The ninth annual Harrington Prize for Innovation in Medicine has been jointly awarded to James E. Crowe, Jr., MD, Director, Vanderbilt Vaccine Center and Professor, Departments of Pediatrics and Pathology, Microbiology and Immunology, Vanderbilt School of Medicine, and Michel C. Nussenzweig, MD, PhD, Investigator, HHMI, and Zanvil A. Cohn and Ralph M. Steinman Professor, The Rockefeller University. The award recognizes their groundbreaking work, which has elucidated fundamental principles of the human immune response and enabled the use of human antibodies to treat COVID-19.
The Harrington Prize for Innovation in Medicine, established in 2014 by the Harrington Discovery Institute at University Hospitals and the American Society for Clinical Investigation (ASCI), honors physician-scientists who have moved science forward with achievements notable for innovation, creativity and potential for clinical application.
Dr. Crowe has advanced the discovery of human monoclonal antibodies for many of the most pathogenic viruses that cause human disease. His team has discovered thousands of human monoclonal antibodies for SARS-CoV-2 (the virus that causes COVID-19) and facilitated their development, transferring clinical leads to multiple pharmaceutical partners including tixagevimab + cilgavimab, now in use in high risk patients. His work on the genetic and structural basis of virus neutralization has also revealed important principles that are being exploited in new vaccine and antibody development.
Dr. Nussenzweig addressed a critical issue in immunology – the lack of a detailed understanding of the human antibody response – by developing robust and scalable methods for cloning antibodies from single human B cells. Dr. Nussenzweig showed that antibodies cloned directly from humans can be a safe and effective treatment against viral infections when passively transferred to other humans. His work established a paradigm that made it possible for him and others to rapidly develop monoclonal antibody therapies against SARS-CoV-2.
A committee composed of members of the ASCI Council and the Harrington Discovery Institute Scientific Advisory Board reviewed nominations from leading academic medical centers from eight countries before selecting the 2022 Harrington Prize recipients.
“Drs. Crowe and Nussenzweig are extraordinary physician-scientists who took distinct and separate paths but arrived at the same endpoint. In doing so, they have taught us a great deal about the human immune response and have successfully translated those findings into therapies for patients. The creativity, innovation and clinical impact demonstrated by their work is precisely what The Harrington Prize seeks to recognize,” said Hossein Ardehali, MD, PhD, Professor of Medicine in the Division of Cardiology at Northwestern Medicine and the 2021-2022 President of the ASCI.
“The translational implications of Dr. Crowe’s and Dr. Nussenzweig’s work are quite profound. Their antibody-based therapies have enabled the medical community to more effectively combat COVID, and will spare untold human suffering,” said Jonathan S. Stamler, MD, President, Harrington Discovery Institute, Robert S. and Sylvia K. Reitman Family Foundation Distinguished Professor of Cardiovascular Innovation and Professor of Medicine and of Biochemistry at University Hospitals and Case Western Reserve University.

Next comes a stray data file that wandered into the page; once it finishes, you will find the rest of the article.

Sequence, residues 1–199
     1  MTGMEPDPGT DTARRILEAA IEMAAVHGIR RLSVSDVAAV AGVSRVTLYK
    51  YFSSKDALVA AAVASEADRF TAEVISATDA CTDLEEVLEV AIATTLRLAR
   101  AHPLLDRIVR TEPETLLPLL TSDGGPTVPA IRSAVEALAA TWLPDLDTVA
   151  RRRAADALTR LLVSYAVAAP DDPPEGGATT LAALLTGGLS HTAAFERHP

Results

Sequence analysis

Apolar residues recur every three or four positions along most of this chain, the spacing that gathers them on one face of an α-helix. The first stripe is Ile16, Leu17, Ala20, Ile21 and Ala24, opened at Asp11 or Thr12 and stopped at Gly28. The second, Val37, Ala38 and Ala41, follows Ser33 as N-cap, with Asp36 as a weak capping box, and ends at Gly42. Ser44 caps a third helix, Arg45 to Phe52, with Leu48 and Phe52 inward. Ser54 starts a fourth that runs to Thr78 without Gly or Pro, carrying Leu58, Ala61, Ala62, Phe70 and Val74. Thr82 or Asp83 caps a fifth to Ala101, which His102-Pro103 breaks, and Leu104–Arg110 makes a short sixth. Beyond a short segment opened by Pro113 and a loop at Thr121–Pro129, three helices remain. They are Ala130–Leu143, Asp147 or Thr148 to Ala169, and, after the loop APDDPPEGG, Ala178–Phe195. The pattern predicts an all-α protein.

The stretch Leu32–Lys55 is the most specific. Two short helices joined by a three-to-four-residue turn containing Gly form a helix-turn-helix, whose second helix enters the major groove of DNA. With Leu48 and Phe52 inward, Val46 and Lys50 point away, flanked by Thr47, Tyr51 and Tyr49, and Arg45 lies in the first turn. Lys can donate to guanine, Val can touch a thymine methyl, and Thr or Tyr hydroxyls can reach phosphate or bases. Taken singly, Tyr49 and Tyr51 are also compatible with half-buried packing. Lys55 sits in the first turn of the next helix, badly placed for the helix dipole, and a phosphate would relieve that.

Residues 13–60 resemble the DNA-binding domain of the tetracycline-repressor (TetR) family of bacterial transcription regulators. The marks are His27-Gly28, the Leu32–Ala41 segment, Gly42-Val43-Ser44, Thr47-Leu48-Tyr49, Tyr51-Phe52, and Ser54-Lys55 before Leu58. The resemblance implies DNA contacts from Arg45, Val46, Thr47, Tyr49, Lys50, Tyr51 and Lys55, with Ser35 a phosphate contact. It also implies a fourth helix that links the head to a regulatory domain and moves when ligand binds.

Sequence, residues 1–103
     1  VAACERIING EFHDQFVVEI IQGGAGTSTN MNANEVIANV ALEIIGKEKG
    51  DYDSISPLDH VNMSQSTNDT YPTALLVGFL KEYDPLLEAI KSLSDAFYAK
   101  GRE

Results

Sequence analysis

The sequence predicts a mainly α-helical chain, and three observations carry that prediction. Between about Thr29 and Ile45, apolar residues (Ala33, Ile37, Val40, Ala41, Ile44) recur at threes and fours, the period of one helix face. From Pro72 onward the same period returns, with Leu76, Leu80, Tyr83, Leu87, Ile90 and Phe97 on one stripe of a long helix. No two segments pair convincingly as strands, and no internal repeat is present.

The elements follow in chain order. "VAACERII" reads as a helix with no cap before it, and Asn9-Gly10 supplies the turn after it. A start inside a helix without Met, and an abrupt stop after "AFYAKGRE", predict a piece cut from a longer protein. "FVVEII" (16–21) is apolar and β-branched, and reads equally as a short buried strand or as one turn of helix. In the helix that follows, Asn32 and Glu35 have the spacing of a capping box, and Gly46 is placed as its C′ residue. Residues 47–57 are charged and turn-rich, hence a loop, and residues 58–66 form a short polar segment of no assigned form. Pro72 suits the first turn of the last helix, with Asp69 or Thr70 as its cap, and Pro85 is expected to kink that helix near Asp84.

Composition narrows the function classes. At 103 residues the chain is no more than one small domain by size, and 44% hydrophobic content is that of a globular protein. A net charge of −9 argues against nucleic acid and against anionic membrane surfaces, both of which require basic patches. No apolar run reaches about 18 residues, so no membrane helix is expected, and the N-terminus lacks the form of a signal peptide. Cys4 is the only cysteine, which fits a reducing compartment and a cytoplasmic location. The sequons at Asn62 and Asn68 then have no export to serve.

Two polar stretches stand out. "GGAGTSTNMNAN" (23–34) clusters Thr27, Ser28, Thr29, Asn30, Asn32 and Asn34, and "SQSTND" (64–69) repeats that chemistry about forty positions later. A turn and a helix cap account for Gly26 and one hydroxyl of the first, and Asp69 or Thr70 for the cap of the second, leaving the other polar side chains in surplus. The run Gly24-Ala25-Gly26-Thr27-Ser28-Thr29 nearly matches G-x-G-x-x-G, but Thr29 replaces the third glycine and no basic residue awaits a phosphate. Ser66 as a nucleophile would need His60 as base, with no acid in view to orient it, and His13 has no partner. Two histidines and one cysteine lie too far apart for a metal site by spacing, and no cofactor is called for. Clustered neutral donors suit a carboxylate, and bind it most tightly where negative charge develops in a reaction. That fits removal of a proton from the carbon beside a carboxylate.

In addition to sharing the Prize’s $20,000 honorarium, co-recipients Dr. Crowe and Dr. Nussenzweig will deliver The Harrington Prize Lecture at the 2022 AAP/ASCI/APSA Joint Meeting on April 8, will be featured speakers at the 2022 Harrington Scientific Symposium May 25-26, and will co-publish an essay in the Journal of Clinical Investigation.
Since its establishment, The Harrington Prize has recognized outstanding and diverse innovation in medicine:
- 2014: Harry Dietz, MD, Johns Hopkins University, for his contributions to the understanding of the biology and treatment of Marfan syndrome, a disorder leading to deadly aneurysms in children and adults.
- 2015: Douglas R. Lowy, MD, The National Cancer Institute, in recognition of his discoveries that led to the development of the Human Papillomavirus vaccine to prevent cervical cancer.
- 2016: Jeffrey M. Friedman, MD, PhD, The Rockefeller University, for his discovery of leptin, which controls feeding behavior and is used to treat related clinical disorders.
- 2017: Jointly awarded to Daniel J. Drucker, MD, Mount Sinai Hospital, Canada, Joel F. Habener, MD, Massachusetts General Hospital, and Jens J. Holst, MD, DMSc, University of Copenhagen, Denmark, for their discovery of incretin hormones and for the translation of these findings into transformative therapies for major metabolic diseases such as diabetes.
- 2018: Helen H. Hobbs, MD, UT Southwestern Medical Center, for the discovery of the link between a gene mutation (PCSK9) and lower levels of LDL, which has improved the treatment of high cholesterol.
- 2019: Carl H. June, MD, University of Pennsylvania, for advancing the clinical application of CAR T therapy for cancer treatment, and for his sustained contributions to the field of cellular immunology.
- 2020: Stuart H. Orkin, MD, Harvard University, for breakthrough discoveries on red blood cells that offer new treatments for patients with sickle cell disease and beta-thalassemia, which are among the most common genetic disorders.
- 2021: Warren J. Leonard, MD, and John J. O’Shea, MD, NIH, for their respective contributions to the field of immunology, from fundamental discovery to therapeutic impact.